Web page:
Remember, your boat hull/engine draws the fish. You have to put your lures in where they look like hurt bait trying to get back to the school. They know that there is safety in numbers.
To capitalize on the behavior of these pelagics, you need to put out as many lures as possible back behind the boat. You can put a 3 T'ZER chain on each rod with a chase bait actively running behind the T'Zers.
See my deep sea trolling lures for what I recommend for this type of fishing:
I always have a least one Bullet and Cedar out at all times and I always use daisy chains on them. I have fished these all over and THEY WORK. For inshore trolling, blue/white is the color cedar daisy chain is THE COLOR combination to start with.
My Bullet provides a tight head shake, and the right sound. SOUND in the 500 kz range that attracts all Tunas. Why use anything else? I can't build a better lure and neither can you! Look at it this way. Calculate the cost of your boat, insurance, fuel, fishing equipment and not least, your limited time on the water. Buy the lure setups that works the best!
T'Zers: A 3 T'Zer rig attached to my Cedar or Bullet will catch anything on the inshore grounds. I had 100 + Bluefin on this setup just 5 miles off the beach in 20 fathoms of water !
Bullets and Cedars can be run alone. With or without T'Zers, they should be no further back from your transom than 35 to 30 feet. I have had Yellowfin climb all over these lures. Mahi even fight for this lure. I also had 2 White Marlin try and impale themselves on this rig (bill wrapped both(AARRGGHH) of them).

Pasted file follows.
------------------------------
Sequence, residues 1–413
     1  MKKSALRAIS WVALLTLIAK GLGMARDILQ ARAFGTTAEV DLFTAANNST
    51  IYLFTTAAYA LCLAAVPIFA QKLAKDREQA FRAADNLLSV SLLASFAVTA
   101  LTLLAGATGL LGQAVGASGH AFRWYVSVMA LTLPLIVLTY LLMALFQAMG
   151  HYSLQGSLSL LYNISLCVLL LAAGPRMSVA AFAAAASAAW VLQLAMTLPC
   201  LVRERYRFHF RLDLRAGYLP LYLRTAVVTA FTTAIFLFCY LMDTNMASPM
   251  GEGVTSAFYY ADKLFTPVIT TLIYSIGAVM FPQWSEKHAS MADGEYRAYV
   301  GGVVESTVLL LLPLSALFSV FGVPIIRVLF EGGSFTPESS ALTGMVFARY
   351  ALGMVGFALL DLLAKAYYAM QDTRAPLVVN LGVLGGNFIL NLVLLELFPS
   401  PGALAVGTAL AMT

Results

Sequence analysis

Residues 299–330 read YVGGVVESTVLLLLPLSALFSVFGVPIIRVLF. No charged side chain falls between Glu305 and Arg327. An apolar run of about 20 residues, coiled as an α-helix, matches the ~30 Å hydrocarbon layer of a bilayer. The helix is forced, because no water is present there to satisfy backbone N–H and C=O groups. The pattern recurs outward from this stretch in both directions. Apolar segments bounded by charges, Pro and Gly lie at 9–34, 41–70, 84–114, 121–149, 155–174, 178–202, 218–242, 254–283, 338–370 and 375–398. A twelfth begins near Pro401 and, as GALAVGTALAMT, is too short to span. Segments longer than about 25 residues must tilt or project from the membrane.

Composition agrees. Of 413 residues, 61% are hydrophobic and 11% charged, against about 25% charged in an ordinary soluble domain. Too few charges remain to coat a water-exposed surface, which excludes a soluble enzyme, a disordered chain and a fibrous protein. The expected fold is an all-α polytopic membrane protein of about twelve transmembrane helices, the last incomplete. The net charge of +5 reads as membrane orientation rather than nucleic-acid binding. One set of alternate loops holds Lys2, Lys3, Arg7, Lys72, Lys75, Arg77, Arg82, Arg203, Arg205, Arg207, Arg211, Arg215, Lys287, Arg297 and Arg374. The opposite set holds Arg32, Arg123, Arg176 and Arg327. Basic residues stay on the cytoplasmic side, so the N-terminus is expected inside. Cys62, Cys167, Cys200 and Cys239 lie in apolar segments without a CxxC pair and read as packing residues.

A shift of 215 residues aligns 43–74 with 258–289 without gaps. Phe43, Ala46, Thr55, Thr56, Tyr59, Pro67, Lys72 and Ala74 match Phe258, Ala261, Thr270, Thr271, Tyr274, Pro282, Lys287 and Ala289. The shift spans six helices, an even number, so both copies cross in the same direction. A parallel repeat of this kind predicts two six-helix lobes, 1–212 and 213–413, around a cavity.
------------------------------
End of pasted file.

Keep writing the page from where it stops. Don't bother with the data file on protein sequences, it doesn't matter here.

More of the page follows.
Albcore and Bonita like a little different presentation. I use a T'Zer setup (matching color) followed by my chase bait in white/pink or a green/orange or a blue/green over yellow combination. These should undulate over your standing wake. This rig will drive the Albacore or Bonita crazy. You will actually see more than one trying to eat the T'Zers and the chase bait. Take your camera along! All of the above chase baits should be in 4 1/2 inch size.
Birds are great attractors. You don't need big birds. What you should use is a 5 inch bird followed by a chase lure. I use the T'Zer set up followed by a Bullet or Cedar chase lure. REMEMBER, you are presenting a picture of a school of bait being hounded by predators. EASY PICKINGS to be had! The more commotion, the better. On bright sunny days put a bird chase bait combination way back 50 to 75 yards. Sometimes it really pays.